Moreover, the risk of tabulation errors is probably not independent from one ballot to the next. Rather, the errors would tend to be clustered. A whole stack of ballots, for instance, might go missing (as happened in at least one instance in Minnesota), or might be counted twice.

Thus, the risk is miscalling the election would be higher than indicated under the idealized conditions presented above. One could presumably convene a panel of statistical experts to come up with some more robust estimates of the probability for a miscalled election, by stress-testing the ballot counts for these and other types of contingencies. My guess is that they would find that a 312-vote lead following a manual recount was nevertheless very, very safe, but I do not know for sure.

The Journal, however, is not calling for a re-vote in response to the risk of tabulation errors; rather, they are calling for one in response to what they presume to be legal errors. This strikes me as a much more dangerous precedent. Clearly, courts are not infallible, especially under the pressure of an extremely close election. But, to build in a fudge factor for errors in judgement by hte courts is another thing entirely, and would seem to undermine the rule of law. If a court finds a defendant guilty of a serious offense, it does not then say “you know what, we’re not really certain about this, so we’re only going to sentence the defendant to probation rather than life in prison”.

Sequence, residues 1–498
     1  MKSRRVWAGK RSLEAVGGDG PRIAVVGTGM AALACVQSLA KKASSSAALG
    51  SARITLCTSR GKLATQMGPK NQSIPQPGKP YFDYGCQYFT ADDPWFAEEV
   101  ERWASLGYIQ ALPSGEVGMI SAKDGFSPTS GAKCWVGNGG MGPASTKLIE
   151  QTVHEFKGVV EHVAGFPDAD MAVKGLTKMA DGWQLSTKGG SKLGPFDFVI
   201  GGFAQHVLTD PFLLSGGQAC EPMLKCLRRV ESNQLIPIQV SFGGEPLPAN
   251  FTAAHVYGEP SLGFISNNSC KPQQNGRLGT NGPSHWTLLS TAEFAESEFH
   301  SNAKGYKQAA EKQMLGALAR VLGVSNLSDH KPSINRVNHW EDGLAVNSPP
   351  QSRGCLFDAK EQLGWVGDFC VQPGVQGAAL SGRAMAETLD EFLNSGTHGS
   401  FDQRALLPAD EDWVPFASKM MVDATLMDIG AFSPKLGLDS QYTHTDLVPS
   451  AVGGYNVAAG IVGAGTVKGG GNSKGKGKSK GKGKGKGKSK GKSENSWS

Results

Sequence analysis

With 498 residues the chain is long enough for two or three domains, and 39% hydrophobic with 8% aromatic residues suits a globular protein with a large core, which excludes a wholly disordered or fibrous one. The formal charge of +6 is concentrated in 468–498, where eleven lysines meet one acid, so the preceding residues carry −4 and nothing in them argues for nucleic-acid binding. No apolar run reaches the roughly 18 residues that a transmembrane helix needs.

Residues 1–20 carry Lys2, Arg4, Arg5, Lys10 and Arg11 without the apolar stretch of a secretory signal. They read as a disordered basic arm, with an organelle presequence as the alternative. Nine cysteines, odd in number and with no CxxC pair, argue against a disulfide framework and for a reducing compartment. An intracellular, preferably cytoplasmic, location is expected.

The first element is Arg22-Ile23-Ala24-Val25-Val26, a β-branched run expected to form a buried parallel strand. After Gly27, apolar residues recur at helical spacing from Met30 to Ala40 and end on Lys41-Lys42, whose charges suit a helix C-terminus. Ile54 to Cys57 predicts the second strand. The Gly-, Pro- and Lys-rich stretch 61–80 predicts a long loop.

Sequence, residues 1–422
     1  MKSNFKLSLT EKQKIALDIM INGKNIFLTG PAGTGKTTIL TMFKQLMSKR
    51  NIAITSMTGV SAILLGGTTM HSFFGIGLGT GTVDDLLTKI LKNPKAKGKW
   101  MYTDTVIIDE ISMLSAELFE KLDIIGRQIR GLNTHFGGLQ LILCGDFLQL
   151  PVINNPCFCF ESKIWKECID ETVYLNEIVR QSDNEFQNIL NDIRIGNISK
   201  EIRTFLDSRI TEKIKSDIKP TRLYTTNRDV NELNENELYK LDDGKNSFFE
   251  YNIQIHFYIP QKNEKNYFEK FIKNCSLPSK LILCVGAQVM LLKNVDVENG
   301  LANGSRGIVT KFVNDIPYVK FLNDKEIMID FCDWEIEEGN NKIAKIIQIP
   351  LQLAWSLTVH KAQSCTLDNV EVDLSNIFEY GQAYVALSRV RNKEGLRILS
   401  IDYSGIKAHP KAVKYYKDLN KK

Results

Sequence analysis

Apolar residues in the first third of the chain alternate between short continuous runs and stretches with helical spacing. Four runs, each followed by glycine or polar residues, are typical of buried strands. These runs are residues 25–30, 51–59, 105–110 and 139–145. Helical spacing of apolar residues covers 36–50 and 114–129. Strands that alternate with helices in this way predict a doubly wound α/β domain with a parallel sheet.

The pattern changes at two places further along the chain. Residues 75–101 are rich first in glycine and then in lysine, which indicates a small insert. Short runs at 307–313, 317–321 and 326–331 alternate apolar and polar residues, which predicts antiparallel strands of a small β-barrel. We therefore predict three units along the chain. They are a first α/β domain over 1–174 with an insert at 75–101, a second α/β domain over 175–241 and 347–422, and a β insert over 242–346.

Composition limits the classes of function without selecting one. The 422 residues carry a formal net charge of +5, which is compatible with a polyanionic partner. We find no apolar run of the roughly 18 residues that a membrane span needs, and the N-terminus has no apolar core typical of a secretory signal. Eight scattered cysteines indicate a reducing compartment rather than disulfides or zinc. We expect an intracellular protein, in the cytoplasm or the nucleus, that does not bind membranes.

Moreover, attempting to apply this principle would be problematic. You would need to deal with a world full of counterfactuals — alternate rulings that the courts could presumably have made. You would then need some way to differentiate “reasonable” counterfactuals from unreasonable ones — for example, if the courts had determined that no ballots should be counted from Minneapolis, this would dramatically alter the outcome of the election, but no court would issue such a ruling. Finally, you would need to demonstrate that from among the set of reasonable counterfactuals, some subset of them would have altered the outcome of the election. This is far from apparent in Minnesota. The Coleman legal team never really attempted to argue for a particular standard of ballot-counting. Instead, their approach was ad-hoc — they presented a series of ballots to the elections panel and said “here, count these ones!”. Although there are various reasons why this might have been their approach — incompetence, for instance — another interpretation is that the Coleman team knew it was likely to lose under any and all reasonable and consistent standards for ballot counting.

The Coleman campaign needs more than a winning legal argument, in other words; it also needs a legal argument that would win it the election. Unless it can be demonstrated that such an argument exists, the Journal‘s case for a re-vote is moot.

Nate Silver is the founder and editor in chief of FiveThirtyEight.